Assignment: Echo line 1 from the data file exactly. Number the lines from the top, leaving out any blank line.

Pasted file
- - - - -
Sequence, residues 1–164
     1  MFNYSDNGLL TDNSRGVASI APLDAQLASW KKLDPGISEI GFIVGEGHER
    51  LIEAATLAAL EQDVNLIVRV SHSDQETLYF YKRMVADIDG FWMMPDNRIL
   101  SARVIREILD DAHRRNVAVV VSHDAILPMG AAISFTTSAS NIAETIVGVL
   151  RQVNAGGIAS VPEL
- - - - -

Sequence, residues 1–164